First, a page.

Numerous paths are described in various traditions, but among these paths prayer, meditation, and contemplation have been universally accepted and verified by the ancients. Discipline of mind, action, and speech are auxiliary, preliminary, and essential steps in each of these three different approaches. Let us explain and understand each of these distinct approaches separately.
Prayer purifies the way of the soul; it is a means to expand one's consciousness within. It is not a mere petition but makes the mind aware of the dimension of life that is the very source of one's being. Prayer has immense power and can lead one to the highest state of ecstasy. It is the way of using emotional power by awakening, evoking, and transforming it. History reveals that constant prayer can transform human beings. There is no doubt that if prayer is properly practiced, positive results are imminent.
There are two types of prayer. The inferior type of prayer is egocentric prayer. It is used by the selfish person who merely desires to fulfill his wants. "I" remains the center of such prayer: "O Lord, give me this, do this for me, help me to have this object." This sort of prayer, full of wants, is used just to fulfill one's selfish ends. Though it works, it does not lead one to nearness to the Absolute. Such prayer, regularly conducted in all great religions, reduces the magnanimity of prayer to a selfish petition. It does not lead one to go beyond the mire of delusion created by the ego.
Egocentric prayer is thus discarded by the true aspirant, and then he seeks the higher way of prayer: God-centered prayer. God-centered prayer gives immense joy to the human mind. Those who practice this approach believe that God is a being who has full power to fulfill the desires of human beings. Overwhelmed with this idea, they pray to God to give them strength, wisdom, and skill so that they can discharge their duties efficiently and at the same time understand the meaning of life. In God-centered prayer one does not leave all the human responsibilities to God with the expectation that God will take care of those responsibilities, but one prays to God to give him strength so that he can understand and fulfill his duties and serve others selflessly. This type of prayer expands one's consciousness, whereas ego-centered prayer envelops on with selfish words and makes one small, petty minded, greedy, and inconsiderate.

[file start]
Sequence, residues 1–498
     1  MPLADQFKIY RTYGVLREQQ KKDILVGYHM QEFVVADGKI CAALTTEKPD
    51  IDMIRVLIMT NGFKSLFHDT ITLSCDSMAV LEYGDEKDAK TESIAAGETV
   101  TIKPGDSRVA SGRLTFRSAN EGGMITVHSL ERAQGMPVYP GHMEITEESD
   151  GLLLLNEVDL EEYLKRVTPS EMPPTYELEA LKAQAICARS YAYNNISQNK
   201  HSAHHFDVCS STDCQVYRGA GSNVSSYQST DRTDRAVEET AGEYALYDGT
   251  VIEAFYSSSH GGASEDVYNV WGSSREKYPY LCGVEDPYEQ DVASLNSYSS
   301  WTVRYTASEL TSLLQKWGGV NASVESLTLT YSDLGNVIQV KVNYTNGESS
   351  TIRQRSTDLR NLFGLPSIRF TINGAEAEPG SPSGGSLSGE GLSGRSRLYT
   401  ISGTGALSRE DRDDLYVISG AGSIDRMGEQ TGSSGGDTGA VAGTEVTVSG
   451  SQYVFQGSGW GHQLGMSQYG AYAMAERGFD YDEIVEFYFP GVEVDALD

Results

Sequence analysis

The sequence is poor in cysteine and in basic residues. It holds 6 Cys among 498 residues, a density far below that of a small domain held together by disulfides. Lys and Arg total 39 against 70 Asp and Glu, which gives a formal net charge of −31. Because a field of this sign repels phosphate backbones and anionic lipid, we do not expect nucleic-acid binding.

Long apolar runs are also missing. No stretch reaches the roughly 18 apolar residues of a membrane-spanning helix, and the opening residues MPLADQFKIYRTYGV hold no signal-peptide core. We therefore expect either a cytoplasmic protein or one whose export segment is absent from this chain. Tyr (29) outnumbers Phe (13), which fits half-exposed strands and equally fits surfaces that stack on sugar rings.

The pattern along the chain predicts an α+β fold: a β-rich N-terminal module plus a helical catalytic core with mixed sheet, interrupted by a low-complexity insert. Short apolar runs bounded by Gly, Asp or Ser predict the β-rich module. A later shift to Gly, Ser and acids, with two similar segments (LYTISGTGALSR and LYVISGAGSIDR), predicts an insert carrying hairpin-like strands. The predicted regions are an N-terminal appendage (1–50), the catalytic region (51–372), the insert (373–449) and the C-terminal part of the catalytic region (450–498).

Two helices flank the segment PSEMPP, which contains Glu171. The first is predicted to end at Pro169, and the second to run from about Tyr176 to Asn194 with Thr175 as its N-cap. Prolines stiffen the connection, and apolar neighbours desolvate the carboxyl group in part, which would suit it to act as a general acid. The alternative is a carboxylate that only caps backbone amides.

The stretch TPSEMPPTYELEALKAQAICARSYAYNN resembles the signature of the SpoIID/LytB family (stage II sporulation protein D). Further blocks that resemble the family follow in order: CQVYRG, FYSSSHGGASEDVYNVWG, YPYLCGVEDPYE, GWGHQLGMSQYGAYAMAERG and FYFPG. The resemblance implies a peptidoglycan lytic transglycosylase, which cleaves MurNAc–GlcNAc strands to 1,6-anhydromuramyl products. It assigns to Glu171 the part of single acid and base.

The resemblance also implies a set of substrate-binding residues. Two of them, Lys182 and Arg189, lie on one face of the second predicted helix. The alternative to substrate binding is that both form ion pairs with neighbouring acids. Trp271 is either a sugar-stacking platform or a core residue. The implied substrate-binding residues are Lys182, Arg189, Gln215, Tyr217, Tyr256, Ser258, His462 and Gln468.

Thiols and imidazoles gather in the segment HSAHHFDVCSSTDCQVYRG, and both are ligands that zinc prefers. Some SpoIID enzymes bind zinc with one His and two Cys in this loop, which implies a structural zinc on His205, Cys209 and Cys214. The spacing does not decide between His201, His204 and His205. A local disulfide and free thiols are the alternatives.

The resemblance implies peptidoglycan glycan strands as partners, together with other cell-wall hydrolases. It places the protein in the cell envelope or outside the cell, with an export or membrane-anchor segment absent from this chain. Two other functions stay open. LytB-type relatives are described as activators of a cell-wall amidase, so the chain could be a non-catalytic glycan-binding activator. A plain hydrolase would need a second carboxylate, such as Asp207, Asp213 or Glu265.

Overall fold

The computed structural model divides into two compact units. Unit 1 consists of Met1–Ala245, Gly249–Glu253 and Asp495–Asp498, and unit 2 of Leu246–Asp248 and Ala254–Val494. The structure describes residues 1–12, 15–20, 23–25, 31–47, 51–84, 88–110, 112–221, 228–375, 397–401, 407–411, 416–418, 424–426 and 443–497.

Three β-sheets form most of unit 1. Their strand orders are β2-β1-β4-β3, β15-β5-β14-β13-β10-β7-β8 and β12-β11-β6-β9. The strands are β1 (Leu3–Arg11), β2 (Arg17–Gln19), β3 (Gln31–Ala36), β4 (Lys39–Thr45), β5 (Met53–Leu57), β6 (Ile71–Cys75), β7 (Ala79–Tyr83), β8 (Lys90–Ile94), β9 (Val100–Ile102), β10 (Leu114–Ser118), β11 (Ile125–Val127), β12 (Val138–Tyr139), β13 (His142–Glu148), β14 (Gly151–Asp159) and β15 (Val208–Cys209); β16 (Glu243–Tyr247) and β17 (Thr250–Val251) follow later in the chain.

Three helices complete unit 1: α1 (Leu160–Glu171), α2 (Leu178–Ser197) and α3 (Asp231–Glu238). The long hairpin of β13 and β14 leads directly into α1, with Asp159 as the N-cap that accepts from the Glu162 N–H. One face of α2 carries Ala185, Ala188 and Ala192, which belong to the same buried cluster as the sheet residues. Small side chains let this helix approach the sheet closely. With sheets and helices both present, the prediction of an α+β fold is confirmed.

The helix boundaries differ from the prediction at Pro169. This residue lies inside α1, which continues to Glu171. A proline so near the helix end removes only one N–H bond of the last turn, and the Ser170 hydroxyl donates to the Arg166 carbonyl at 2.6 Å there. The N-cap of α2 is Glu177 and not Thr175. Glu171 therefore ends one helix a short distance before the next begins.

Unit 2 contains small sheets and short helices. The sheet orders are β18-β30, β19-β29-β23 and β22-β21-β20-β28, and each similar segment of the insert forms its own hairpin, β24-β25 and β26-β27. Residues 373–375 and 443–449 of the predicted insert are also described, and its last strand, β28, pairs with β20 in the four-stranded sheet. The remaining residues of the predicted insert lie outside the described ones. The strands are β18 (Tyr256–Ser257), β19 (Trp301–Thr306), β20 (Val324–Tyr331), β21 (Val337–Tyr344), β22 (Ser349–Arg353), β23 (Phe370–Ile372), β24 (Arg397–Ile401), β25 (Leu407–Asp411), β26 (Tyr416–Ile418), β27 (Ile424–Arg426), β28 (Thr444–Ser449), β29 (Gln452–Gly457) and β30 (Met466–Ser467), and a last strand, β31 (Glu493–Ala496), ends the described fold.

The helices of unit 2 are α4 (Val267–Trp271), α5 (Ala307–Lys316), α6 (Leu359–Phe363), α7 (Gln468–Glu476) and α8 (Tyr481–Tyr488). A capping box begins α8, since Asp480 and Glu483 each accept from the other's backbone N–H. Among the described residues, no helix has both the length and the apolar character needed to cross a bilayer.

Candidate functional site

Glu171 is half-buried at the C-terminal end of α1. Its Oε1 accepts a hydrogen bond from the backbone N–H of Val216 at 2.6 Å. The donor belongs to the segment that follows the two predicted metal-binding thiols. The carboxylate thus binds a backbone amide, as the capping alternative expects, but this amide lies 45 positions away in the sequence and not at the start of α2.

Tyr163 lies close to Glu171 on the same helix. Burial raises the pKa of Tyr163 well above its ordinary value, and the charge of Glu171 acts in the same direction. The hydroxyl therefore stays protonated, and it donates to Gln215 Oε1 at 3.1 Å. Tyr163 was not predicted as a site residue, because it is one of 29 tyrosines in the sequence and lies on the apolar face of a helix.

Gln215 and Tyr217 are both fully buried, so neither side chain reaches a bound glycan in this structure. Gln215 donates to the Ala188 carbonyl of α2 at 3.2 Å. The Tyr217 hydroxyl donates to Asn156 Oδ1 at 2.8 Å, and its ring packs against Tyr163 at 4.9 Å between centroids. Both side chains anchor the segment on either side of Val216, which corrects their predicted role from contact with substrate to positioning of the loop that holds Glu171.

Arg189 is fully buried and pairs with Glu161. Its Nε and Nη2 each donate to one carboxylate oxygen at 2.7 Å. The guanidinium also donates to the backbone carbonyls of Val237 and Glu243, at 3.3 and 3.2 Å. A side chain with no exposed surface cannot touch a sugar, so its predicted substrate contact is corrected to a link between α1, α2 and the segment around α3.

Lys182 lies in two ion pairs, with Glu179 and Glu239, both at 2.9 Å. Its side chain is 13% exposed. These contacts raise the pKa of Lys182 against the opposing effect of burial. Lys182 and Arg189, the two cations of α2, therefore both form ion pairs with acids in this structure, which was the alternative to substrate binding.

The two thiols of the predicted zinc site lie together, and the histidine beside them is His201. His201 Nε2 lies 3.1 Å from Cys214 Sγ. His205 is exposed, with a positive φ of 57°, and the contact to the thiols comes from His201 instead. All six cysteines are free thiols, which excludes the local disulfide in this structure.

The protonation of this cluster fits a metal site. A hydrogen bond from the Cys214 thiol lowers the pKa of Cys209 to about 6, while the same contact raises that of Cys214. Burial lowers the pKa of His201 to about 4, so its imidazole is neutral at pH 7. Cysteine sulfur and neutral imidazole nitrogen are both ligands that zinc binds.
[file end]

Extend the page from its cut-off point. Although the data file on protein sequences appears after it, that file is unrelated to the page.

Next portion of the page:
Prayer is very useful, but at the same time it advocates and promotes the philosophy of dualism, which asserts that man and God remain forever distant. The individual always remains an individual, and there is no union with God, only a nearness to God. Dualism is an acceptance of two separate existences. There has been a great deal of debate by scholars about whether dualism is a valid philosophy. The validity of the dualistic approach is not a matter to be debated. Dualism should be understood as a stage of sadhana that provides a path that can eventually lead to the higher realm of knowledge, that of complete unity. It is valid as a preliminary stage of sadhana, as an experience on the way to the realization of the Absolute.